Defining and defending marine mammal habitat
Paul Paquet, Senior Scientist
Caroline Fox, Research Scientist
Misty MacDuffee, Biologist
Adrianne Jarvela Rosenberger, Marine Biologist
The coastal waters of British Columbia are home to over 20 species of marine mammals, including baleen and toothed whales, dolphins, porpoises sea lions, seals and sea otters. Most of these animals are long-lived and reproduce slowly, often with just one offspring at a time.
BC’s whales need protected waters
Until a few decades ago, commercial whaling severely depleted many of the blue whales, fin whales, humpbacks and minkes that inhabited our waters. Today, our image of whales has changed, and the global moratorium on whaling has given many of these species an opportunity to recover. Our observations suggest that more humpbacks and fin whales are returning to BC coastal waters. Even blue whales, the world’s largest mammal hunted to near extinction, were documented in 2007 off the coast of BC.
Today, the greatest threat to marine mammals is still humans, but largely through our impacts on their habitat and food supply. In the coastal waters of British Columbia, such threats to cetaceans include:
- dwindling food supply
- underwater noise, sonar and seismic tests
- ship strikes
- entanglement in fishing nets and garbage
- oil spills from shipping and proposed tanker traffic
- toxins and pollution
Raincoast’s efforts to protect marine mammals include our Oil-Free Coast initiative and our efforts to stop both the Northern Gateway and Trans Mountain Expansion projects. Both projects will see a dramatic increase in tanker traffic through habitat critical to the survival of many species, including humpback, fin and resident killer whales. Raincoast is also a strong advocate of salmon for wildlife works to ensure an adequate supply of chinook salmon for resident killer whales.
Ocean-going vessels pose a threat to large whales. In Canada, vessel strikes and underwater noise are conservation concerns for the many SARA-listed baleen whales. Using new and emerging technologies (like underwater drones), we can acquire much-needed information and contribute to efforts to reduce vessel strike risk
After travelling 14,000 km of ocean trackline during our marine surveys, abundance and distribution estimates for the marine mammals of coastal BC have been produced
Raincoast is working to improve the living conditions and recover southern resident killer whales. This began in 2008 with a law suit filed to protect resident killer whale habitat.
Time is running out for British Columbia’s killer whales
It has been 14 years since Southern Resident killer whales were listed as endangered. Today, less than 85 of these whales remain. Despite their legal obligation, the federal government has failed to take measures to recover these endangered whales…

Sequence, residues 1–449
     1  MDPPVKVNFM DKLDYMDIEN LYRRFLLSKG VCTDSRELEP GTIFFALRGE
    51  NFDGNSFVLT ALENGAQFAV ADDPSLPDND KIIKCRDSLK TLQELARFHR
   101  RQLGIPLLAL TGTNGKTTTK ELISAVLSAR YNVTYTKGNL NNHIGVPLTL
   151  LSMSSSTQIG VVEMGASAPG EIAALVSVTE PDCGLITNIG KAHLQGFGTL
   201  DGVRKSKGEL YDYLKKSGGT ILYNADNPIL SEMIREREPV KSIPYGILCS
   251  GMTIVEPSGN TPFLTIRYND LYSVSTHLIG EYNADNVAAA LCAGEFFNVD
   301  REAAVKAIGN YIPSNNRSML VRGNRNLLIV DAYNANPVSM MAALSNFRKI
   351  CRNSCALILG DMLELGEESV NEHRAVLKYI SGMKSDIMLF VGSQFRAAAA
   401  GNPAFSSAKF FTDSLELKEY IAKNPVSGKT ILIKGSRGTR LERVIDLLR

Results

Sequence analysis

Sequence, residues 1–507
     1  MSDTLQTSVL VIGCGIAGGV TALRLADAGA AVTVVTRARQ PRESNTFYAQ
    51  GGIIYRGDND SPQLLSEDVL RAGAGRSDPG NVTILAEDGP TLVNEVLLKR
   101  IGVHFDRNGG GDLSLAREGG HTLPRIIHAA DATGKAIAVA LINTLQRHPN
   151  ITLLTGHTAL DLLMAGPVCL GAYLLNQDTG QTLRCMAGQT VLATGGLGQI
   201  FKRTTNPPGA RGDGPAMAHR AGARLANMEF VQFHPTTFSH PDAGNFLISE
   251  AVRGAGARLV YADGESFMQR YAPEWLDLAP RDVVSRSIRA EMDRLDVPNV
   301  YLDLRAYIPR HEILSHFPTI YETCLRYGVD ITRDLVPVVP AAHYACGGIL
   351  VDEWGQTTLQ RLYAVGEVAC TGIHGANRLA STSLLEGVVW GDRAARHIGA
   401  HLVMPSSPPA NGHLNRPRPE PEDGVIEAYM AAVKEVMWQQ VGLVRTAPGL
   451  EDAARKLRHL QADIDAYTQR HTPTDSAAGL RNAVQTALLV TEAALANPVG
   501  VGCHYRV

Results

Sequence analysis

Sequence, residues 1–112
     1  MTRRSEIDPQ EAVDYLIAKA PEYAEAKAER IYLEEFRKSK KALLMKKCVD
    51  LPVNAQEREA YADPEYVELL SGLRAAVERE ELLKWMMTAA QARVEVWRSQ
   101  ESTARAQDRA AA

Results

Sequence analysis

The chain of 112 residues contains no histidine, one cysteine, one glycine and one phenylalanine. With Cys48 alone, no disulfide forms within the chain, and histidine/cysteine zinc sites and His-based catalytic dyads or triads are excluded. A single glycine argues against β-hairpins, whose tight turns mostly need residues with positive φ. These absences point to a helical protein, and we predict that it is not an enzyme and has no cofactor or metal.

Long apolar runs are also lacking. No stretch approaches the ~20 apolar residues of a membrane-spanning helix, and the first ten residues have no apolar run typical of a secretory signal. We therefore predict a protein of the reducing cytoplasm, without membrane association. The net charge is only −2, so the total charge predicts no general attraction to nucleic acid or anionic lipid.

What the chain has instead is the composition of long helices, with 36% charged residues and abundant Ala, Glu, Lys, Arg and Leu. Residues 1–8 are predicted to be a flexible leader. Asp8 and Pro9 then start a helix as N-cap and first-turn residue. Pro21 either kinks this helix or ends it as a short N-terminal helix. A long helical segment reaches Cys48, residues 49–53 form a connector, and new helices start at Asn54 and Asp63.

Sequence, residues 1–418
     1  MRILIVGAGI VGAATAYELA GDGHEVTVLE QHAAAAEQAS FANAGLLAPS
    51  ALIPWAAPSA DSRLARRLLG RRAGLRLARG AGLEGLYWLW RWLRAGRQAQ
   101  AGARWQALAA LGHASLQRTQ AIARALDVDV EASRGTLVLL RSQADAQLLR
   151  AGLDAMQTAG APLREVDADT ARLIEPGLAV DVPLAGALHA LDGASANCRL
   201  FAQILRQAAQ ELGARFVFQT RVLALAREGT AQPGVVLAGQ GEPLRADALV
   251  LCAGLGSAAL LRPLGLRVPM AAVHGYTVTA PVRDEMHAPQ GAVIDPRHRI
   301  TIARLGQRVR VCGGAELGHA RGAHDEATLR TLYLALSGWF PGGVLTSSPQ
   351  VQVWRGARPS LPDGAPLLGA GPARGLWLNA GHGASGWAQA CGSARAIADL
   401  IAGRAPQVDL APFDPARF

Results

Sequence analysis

Immediate action essential for Southern Resident killer whales
Raincoast releases video to encourage public comments on the killer whale action plan.
Public comment period ends August 14th…
We can make a difference for killer whales
With your support, we can continue to do our utmost to protect Southern Resident killer whales, including going to court to stop Kinder Morgan’s pipeline and oil tanker project.
Comment: National Energy Board is failing killer whales
Chris Genovali , Misty MacDuffee and Paul Paquet / Times Colonist
Last month, the NEB recommended approval of Kinder Morgan’s proposed expansion of the Trans Mountain pipeline and accompanying increase in oil-tanker traffic…
Environmental groups launch court challenge over NEB’s Kinder Morgan report
Ecojustice lawyers, representing Living Oceans and Raincoast, have filed for a judicial review of the NEB’s report that recommended the federal Cabinet approve the Kinder Morgan pipeline…
National Energy Board fails killer whales
The NEB’s approval of Kinder Morgan’s TMX jeopardizes the survival of BC’s endangered southern resident killer whales, increasing the probability that they will ultimately go extinct, asserted Raincoast…
Coastal Revival: A five part mini-series
A new five-part documentary series, Coastal Revival, tells how First Nations, conservationists, researchers and ecotourism are combining to protect some of the BC’s most emblematic wildlife…
Eco-tourism worth billions trumps value of Kinder Morgan project, new report argues
Charles Mandel/National Observer
A new report tears into the Kinder Morgan TMX application, saying the company’s environmental assessments show a lack of scientific rigour…